NEW YORK (AP) — As he prepares to launch a new media company that will give him his own social media platform, former President Donald Trump has ramped up his efforts to rewrite history, spreading more lies about the 2020 election in November and the deadly storming of the Capitol in January.
It's yet another example of Trump seeking to undermine confidence in the U.S. electoral system.
A look at the claims and reality:
TRUMP: “The insurrection took place on November 3, Election Day. January 6 was the Protest!” Trump said in a statement Thursday before the House voted to hold a former top Trump aide, Steve Bannon, in contempt for defying a subpoena from the committee investigating the Capitol riot.
TRUMP: “The Unselect Committee of partisan Democrats, and two very weak and pathetic RINOs, should come to the conclusion after spending many millions of dollars, that the real insurrection happened on November 3rd, the Presidential Election, not on January 6th — which was a day of protesting the Fake Election results,” he said in a statement Oct. 6. RINO is short for “Republican In Name Only” and there are two Republican lawmakers on the House committee.
THE FACTS: There was no insurrection on Election Day. There was a free and fair election won by Democrat Joe Biden.
Despite Trump's repeated claims, no evidence of widespread corruption has ever been found. Every state has certified its results as fair and accurate, and numerous state and federal election officials — including Trump's own attorney general at the time — have said there was no evidence of systemic fraud or errors of a scale that could have possibly change the outcome.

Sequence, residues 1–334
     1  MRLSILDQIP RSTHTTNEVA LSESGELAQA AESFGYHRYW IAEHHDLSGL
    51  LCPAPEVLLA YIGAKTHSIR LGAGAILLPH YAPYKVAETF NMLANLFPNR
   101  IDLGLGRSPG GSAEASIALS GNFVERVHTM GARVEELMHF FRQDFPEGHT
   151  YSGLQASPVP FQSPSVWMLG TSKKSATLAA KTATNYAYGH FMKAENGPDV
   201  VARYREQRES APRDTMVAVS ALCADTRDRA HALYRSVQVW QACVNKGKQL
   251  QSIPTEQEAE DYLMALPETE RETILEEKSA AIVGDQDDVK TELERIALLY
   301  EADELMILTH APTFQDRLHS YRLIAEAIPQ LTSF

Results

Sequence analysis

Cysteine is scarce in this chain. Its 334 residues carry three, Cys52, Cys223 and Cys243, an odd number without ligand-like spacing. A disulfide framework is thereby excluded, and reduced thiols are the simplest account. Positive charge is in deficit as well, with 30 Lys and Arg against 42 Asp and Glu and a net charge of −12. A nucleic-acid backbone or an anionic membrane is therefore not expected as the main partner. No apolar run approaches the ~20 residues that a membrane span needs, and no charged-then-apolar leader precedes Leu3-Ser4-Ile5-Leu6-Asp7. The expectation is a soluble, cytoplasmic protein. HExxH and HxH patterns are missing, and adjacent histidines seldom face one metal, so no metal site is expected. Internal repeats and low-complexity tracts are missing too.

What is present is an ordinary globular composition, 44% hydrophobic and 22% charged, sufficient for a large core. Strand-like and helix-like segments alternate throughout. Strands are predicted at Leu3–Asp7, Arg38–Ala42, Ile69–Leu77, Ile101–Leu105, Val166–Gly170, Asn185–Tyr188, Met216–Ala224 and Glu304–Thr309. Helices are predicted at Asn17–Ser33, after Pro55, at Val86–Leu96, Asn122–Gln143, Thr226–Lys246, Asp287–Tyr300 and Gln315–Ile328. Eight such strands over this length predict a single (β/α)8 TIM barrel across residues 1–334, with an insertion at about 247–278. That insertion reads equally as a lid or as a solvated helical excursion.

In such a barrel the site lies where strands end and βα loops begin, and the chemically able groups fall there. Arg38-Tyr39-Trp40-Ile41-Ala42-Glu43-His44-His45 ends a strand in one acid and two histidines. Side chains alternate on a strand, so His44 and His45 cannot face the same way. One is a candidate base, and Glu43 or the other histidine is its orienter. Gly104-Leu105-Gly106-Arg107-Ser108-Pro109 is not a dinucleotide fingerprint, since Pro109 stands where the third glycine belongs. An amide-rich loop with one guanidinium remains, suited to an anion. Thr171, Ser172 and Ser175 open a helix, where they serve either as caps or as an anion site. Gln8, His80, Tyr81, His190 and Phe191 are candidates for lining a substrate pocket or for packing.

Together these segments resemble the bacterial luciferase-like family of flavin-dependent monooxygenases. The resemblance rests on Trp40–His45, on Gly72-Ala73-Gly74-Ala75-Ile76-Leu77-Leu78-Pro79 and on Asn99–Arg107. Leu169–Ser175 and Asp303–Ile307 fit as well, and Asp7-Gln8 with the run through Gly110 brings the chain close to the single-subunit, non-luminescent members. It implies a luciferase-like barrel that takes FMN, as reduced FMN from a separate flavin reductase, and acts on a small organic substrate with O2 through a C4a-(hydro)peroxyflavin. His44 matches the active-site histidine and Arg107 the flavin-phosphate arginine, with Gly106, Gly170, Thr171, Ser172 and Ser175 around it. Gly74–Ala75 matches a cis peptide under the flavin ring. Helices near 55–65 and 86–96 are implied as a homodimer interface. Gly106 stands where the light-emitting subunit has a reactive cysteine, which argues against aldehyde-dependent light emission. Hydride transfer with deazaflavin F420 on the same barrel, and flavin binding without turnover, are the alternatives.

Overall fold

Judges have widely agreed, even some appointed by Trump. The government's then-top cybersecurity and election officials declared the election “the most secure in American history” with “no evidence that any voting system deleted or lost votes, changed votes, or was in any way compromised."
Biden won by the same Electoral College margin that Trump did 2016. Unlike Trump in 2016, Biden won the popular vote, getting 7 million-plus more votes than Trump.
What happened on Jan. 6 was also much more than a protest.
That day, fueled by lies spread by then-President Trump and his allies that the results could somehow be overturned, hundreds of his supporters mobbed the Capitol, trying to halt the congressional certification of Biden's victory.
The rioters smashed windows, broke through barricades and overwhelmed law enforcement in the most egregious attack on the Capitol since the War of 1812. Some brandished weapons; others wore tactical gear. Some chanted “Hang Mike Pence!” after the then-vice president said he did not have the power to unilaterally overturn Biden's win. Others hunted lawmakers, demanding to know the whereabouts of House Speaker Nancy Pelosi, D-Calif., and others. Outside, a makeshift gallows was erected, complete with a noose.
At least nine people who were there that day died during and after the rioting, including a woman who was shot and killed by police as she tried to break into the House chamber. Four police officers died by suicide in the days and months that followed the insurrection. A fifth officer, Capitol Police Officer Brian Sicknick, collapsed and died after engaging with the protesters. A medical examiner later determined he died of natural causes.
More than 600 people face charges in what has been described as the largest federal law enforcement investigation in U.S. history.
EDITOR’S NOTE — A look at the veracity of claims by political figures.
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Jill Colvin, The Associated Press